Kimathi is viewed as a national hero by the Kenyan people, and the government has erected a bronze statue of “Freedom Fighter Dedan Kimathi” on a graphite plinth, in central Nairobi. On February 18th 1957 is the day when the fallen hero Dedan Kimathi died.
On the anniversary of the day he was executed (11 December), in 2006, the statue of Kimathi was unveiled in Nairobi city centre. Kimathi, clad in military regalia, holds a rifle on the right hand and a dagger on the other, symbolising the last weapons he held in his struggle.
In around 1947 or 1948, whilst working in Ol Kalou, Kimathi came into close contact with members of the Kenya African Union. By 1950, he was secretary to the KAU branch at Ol Kalou, which was controlled by militant supporters of the Mau Mau cause. The Mau Mau began as the Land and Freedom Army, a militant Kikuyu army out to reclaim their land that they claimed had been gradually stripped from them by the British settlers. As the group’s influence and membership widened it became a major threat to the colonialists.
Upon taking the oath of the Mau Mau, in 1951 he joined the Forty Group, which was the militant wing of the defunct Kikuyu Central Association. As branch secretary, Kimathi presided over oath taking. He believed strongly in compelling fellow Kikuyu by way of oath to bring solidarity to the independence movement. To achieve this, he administered beatings and carried a double-barrelled shotgun. His activities with the group made him a target of the colonial government, and he was briefly arrested that same year but escaped with the help of local police. This marked the beginning of his violent uprising. He formed the Kenya Defence Council to co-ordinate all forest fighters in 1953.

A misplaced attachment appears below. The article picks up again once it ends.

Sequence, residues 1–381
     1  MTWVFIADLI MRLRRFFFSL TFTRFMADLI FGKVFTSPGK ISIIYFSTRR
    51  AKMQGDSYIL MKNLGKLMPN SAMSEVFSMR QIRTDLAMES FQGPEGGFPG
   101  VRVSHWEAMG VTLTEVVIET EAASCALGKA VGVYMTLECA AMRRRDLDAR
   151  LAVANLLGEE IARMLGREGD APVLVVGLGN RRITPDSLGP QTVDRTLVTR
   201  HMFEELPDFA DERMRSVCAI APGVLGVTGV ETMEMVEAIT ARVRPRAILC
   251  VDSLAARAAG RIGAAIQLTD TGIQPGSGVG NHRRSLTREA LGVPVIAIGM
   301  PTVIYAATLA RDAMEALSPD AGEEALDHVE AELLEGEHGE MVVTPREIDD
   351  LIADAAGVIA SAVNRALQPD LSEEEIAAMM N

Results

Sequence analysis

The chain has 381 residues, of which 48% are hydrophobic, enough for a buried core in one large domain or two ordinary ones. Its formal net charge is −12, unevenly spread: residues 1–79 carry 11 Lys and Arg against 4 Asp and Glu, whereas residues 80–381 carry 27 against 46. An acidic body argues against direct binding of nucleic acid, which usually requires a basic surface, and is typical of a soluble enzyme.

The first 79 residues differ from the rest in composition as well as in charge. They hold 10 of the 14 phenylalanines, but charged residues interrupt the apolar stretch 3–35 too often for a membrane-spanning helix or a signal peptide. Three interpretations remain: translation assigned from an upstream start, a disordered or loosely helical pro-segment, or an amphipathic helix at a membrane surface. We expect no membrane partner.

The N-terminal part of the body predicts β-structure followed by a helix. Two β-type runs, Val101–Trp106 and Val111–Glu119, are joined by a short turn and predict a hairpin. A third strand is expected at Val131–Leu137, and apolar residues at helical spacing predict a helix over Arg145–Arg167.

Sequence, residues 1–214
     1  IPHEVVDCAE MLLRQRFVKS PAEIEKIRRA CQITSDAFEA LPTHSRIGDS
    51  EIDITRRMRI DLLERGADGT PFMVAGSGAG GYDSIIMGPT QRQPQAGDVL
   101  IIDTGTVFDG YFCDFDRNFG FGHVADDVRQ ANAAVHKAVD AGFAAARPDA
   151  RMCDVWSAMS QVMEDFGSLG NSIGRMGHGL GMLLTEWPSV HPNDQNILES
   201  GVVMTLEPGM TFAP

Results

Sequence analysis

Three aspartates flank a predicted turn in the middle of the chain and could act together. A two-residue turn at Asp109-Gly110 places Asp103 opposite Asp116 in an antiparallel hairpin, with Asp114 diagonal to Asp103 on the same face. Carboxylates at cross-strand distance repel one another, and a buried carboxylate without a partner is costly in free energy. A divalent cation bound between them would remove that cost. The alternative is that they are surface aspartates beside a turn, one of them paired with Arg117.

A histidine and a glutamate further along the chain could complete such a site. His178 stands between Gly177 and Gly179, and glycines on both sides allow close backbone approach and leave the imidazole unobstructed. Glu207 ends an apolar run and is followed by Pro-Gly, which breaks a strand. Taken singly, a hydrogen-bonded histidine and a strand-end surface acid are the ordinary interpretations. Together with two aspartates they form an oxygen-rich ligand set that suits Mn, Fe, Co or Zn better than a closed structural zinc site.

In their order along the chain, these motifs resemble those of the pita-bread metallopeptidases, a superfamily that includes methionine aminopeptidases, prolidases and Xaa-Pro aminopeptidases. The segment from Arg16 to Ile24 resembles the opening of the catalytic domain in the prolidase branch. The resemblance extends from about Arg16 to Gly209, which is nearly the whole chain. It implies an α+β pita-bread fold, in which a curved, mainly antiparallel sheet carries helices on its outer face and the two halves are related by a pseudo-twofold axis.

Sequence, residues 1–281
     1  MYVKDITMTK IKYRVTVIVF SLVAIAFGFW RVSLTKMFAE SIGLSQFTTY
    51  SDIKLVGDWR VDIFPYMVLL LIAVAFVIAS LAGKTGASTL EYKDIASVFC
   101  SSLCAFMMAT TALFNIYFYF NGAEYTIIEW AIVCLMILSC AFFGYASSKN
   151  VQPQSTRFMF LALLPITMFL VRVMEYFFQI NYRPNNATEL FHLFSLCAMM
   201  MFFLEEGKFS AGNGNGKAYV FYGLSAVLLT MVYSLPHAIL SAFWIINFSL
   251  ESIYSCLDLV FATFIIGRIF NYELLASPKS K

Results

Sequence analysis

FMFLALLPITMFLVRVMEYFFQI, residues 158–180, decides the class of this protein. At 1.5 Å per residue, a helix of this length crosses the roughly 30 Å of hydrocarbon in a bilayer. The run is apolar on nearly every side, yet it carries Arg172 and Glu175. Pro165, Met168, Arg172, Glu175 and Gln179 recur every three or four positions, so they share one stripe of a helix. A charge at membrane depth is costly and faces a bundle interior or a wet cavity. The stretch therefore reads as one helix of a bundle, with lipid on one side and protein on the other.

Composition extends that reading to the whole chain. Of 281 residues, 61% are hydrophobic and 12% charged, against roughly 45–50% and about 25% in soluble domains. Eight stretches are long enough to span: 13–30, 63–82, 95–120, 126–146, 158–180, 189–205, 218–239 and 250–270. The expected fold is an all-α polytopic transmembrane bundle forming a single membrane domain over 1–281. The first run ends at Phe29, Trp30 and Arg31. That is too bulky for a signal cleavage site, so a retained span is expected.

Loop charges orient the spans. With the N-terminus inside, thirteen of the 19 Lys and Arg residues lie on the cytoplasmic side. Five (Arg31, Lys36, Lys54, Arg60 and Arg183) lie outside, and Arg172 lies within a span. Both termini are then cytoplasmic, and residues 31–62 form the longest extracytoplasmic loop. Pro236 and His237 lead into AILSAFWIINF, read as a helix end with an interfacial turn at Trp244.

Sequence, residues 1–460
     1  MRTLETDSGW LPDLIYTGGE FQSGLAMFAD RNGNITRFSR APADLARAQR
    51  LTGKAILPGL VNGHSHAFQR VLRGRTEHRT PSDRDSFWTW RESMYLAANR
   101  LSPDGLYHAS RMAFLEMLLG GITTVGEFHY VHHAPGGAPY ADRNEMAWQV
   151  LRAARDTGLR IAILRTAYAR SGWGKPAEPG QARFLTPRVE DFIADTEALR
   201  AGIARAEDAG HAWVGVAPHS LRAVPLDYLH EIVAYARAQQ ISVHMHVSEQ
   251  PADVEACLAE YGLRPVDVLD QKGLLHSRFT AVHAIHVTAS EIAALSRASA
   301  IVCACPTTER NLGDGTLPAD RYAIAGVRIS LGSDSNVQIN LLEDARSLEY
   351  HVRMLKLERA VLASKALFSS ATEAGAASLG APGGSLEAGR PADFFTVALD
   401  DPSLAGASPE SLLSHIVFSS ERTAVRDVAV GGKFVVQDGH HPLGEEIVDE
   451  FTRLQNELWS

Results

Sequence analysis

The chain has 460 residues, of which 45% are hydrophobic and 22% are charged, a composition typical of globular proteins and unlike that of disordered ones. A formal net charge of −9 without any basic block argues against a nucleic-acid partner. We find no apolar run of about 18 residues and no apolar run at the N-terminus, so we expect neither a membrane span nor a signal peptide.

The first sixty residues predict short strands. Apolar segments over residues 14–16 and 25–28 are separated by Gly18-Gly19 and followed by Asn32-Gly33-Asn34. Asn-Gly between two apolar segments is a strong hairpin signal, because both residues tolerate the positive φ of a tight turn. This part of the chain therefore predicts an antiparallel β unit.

In 1956, on 21 October exactly four years to the day since the start of the uprising, Kimathi was arrested in the Nyeri forest by a group led by Ian Henderson. His capture marked the end of the forest war. He was sentenced to death by a court presided by Chief Justice O’Connor and an all-black jury of Kenyans, while he was in a hospital bed at the General Hospital Nyeri. In the early morning of 18 February 1957 he was executed by the colonial government. The hanging took place at the Kamiti Maximum Security Prison.He was buried in an unmarked grave, and his burial site remains unknown.